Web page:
Reforestation of the Abutia Plains by indigenous communities in the Volta Basin (Ghana) ex post evaluation
Deforestation an degradation in Ghana has been an on-going issue, with one-third of the country's forested area reporting lossed between 1955 to 1972. This has been due to increased human acitivities and the effects have been further aggravated by socio-economic issues. In 1994, the government of Ghana adapted a Forest & Wildlife Policy and established a program for reforestation that involved a variety of stakeholders.
Goals & Approach
The project is intended to support community-based reforestation activities in order to halt and reverse the deterioration of tropical forests belonging to indigenous communities in the Abutia Plains of Ghana. Teak plantations were chosen for reforestation due to their viability in the region and its economic benefits. Fruit trees and other native species have also been planted and indigenous communities have been trained in agroforestry.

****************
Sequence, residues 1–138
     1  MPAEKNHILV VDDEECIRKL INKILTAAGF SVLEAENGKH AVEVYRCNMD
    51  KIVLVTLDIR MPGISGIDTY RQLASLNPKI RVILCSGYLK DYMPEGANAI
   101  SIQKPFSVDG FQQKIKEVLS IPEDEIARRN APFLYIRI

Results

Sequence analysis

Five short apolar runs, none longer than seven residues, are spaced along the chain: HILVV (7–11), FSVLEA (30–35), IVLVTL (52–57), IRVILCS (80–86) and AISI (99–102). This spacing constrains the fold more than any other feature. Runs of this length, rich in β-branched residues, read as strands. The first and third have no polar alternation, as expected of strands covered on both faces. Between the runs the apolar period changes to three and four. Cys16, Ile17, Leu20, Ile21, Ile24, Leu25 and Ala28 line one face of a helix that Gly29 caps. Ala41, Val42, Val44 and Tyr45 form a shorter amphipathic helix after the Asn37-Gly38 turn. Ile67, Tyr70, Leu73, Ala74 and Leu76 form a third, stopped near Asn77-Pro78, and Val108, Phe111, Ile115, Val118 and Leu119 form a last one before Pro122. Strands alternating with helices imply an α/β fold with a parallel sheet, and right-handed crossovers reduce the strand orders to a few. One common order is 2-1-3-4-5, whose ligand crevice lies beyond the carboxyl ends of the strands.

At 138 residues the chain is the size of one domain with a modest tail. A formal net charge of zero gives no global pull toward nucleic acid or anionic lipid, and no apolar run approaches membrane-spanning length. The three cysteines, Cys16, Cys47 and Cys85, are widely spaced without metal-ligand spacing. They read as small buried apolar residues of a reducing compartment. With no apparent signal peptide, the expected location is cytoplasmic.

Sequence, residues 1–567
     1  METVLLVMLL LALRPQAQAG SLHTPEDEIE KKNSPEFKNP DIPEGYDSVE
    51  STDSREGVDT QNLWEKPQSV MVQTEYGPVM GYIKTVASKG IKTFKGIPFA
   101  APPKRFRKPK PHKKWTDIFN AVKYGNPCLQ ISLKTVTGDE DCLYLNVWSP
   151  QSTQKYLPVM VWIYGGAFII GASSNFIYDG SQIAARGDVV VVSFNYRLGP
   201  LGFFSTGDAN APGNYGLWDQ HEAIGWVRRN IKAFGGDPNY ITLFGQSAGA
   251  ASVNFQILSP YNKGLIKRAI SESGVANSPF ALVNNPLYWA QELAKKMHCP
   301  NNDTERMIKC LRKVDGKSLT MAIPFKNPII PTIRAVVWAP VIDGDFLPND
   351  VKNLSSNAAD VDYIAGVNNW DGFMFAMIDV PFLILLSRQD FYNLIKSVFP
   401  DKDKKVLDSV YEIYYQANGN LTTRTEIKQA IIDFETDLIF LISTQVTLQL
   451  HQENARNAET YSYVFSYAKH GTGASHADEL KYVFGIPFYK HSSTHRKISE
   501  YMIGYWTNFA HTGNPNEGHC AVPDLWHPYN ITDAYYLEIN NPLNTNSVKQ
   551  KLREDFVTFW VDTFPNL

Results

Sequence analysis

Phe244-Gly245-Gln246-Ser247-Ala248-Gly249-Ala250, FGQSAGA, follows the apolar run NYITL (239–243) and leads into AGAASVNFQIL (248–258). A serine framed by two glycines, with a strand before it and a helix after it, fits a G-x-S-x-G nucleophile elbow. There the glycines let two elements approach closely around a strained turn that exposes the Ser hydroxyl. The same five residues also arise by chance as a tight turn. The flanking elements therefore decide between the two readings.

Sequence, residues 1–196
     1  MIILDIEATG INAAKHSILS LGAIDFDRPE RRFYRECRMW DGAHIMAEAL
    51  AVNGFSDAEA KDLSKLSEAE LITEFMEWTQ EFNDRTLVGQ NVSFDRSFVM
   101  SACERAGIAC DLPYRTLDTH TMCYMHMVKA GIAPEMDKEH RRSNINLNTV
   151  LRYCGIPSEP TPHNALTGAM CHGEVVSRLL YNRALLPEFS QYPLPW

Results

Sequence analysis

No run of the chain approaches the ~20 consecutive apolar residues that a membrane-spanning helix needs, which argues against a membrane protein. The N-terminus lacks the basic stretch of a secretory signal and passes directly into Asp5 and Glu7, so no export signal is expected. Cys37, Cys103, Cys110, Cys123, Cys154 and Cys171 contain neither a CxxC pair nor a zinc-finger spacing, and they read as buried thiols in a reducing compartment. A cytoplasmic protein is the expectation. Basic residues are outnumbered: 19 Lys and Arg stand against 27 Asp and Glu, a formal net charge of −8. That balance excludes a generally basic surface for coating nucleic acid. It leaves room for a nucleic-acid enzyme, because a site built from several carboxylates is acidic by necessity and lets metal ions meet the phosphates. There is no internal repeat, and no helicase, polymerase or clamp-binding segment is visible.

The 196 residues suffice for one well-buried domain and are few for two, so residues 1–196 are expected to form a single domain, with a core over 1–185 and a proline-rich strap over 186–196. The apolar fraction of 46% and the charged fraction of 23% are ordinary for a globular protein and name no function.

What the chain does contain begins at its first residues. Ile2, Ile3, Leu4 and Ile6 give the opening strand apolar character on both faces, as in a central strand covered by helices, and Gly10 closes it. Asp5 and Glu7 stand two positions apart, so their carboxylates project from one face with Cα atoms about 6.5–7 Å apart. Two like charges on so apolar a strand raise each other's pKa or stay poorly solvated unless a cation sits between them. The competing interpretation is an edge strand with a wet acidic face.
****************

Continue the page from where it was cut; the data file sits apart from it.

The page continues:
Overall some lessons learned were that project managers should prepare for unfavorable weather conditions/ long periods of drought that could potentially delay the project start off. It is important for project managers to have training in conflict resolution to ensure the smooth running of projects. Also to ensure early participatory meetings with local communities before the start of a reforestation project involving local community groups. They recommend that land tenure rights should be investigated before the start of reforestation projects. Also, the design of any community reforestation project should be participatory with wide consultations and communications with local groups.
Dourojeanni, M.J.& Sève, J.E. (2006) Reforestation of the Abutia Plains by Indigenous Communities in the Volta Basin (Ghana) Ex Post Evaluation. ITTO, Reforestation and Forest Management. International Tropical Timber Organization (ITTO). Accessed: June 2020
- International Tropical Timber Council, Committee on Reforestation and Forest Management